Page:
- Dodger in China Beach presumably had an off-screen Asian Babymama, though it's never totally confirmed that the baby handed over to him by a random orphan kid in a bar is biologically his. Still, he takes the boy home to the states with him.
- An episode of The A-Team features a man who goes with the Team to Vietnam, where he apparently has a child from a wartime lover.
- Played with and averted in the Seinfeld episode "The Understudy". Whilst stationed in Korea, Frank Costanza has a brief affair with a Korean woman. However the relationship never gets very far because he refuses to take off his shoes whilst in her parents' house, which they see as disrespectful. It turns out she is living in New York by the point of the series, something which was completely unknown to either of them. She works in a manicure parlor. Elaine brought Frank to the parlor because he speaks fluent Korean and she had suspicions the Koreans were insulting her in their language. It turned out she was right, as they ended up insulting Frank too, which led to him shouting at them, leading his ex-girlfriend to recognise his voice.
- In the Cole Porter musical Anything Goes, several characters (Reno, Billy and Moon) are trying to break up the impending wedding of Hope, who Billy is in love with, and Lord Evelyn Oakleigh, who is in love with Reno. At one point, Evelyn mentions that he had an affair with a Chinese girl named Plum Blossom. In the finale, Reno, Billy and Moon dress up in Chinese costumes and bad accents to break up the wedding. This leads to several great lines, including "Lord Evelyn take Plum Blossom into rice paddy and bring back Plum Tart. Pretty soon, along come Little Plum Pudding... *baby-rocking motion*" This prompts Hope to break off her wedding with Evelyn, and offer herself to Billy (aka "Plum Blossom's Uncle"), who insists that Evelyn "join club and right wrong done poor Plum Blossom." Evelyn takes the hint, proposes to Reno, and a double wedding ensues. Can have Unfortunate Implications, depending on how it's staged, and how much Billy and Moon ham it up with their accents.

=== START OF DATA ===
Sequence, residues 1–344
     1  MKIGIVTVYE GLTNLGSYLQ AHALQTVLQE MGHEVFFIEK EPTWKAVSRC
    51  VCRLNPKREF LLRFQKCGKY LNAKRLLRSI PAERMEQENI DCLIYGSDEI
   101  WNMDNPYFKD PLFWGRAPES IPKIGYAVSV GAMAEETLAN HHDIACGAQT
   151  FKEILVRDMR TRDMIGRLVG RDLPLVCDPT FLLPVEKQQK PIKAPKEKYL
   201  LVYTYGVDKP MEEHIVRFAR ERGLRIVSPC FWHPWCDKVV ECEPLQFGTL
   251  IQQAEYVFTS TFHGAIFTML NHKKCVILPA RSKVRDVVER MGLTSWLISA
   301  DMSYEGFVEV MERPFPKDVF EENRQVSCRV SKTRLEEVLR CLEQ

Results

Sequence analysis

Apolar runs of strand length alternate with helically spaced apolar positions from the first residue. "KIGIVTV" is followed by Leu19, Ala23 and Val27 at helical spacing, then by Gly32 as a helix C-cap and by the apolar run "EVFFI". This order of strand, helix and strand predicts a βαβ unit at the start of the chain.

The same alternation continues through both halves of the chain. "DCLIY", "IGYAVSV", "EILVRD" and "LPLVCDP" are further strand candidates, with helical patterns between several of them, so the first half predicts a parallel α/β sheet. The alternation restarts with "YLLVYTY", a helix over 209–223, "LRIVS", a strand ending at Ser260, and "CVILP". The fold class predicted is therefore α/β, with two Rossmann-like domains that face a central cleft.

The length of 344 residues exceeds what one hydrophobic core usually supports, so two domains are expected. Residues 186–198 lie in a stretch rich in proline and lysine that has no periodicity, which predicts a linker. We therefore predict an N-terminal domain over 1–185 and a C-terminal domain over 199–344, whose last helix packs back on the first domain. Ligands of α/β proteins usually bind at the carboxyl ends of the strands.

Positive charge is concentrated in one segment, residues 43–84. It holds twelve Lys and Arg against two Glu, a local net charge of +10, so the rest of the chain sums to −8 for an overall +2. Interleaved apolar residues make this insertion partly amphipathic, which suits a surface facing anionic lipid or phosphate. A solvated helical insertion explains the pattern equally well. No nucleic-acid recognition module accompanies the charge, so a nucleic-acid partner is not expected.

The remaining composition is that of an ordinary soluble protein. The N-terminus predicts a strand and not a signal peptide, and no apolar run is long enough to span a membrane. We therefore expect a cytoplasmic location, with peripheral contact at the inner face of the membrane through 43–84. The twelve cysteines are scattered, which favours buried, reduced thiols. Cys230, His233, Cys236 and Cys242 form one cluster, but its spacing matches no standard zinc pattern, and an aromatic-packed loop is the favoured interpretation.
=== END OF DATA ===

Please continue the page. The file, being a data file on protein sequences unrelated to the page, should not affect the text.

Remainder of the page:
- The children resulting from these chance unions are the entire focus of the song "Bui Doi" from Miss Saigon.
- Subverted in M. Butterfly: Not only was there not a baby to begin with, but the mother was actually a man Disguised in Drag.
- In King of the Hill, Cotton had a romance with a Japanese nurse, Michiko, during the final days of World War II. Unlike the usual connotations of this trope where one of the lovers is using the other, their romance was real and Michiko is the only woman Cotton truly loved and respected. In the two-parter "Returning Japanese," the Hill family travels to Japan so that Cotton can reconnect with his old love, and it turned out he fathered a child with her, Hank's older half-brother Junichiro.
- US law allows for the sponsored immigration to the United States of those fathered by Americans between 1951 and October 1982 in Cambodia, Korea, Laos, Vietnam and Thailand. Significantly, it does not cover the Philippines and Japan.
- Inverted with a subsect of Japanese women called "Gaijin Hunters". They're a group of Race Fetishists that seek handsome foreign men (usually white) so they can become pregnant with a half-Japanese, half-foreign child, and then dump their boyfriend and vanish with the child.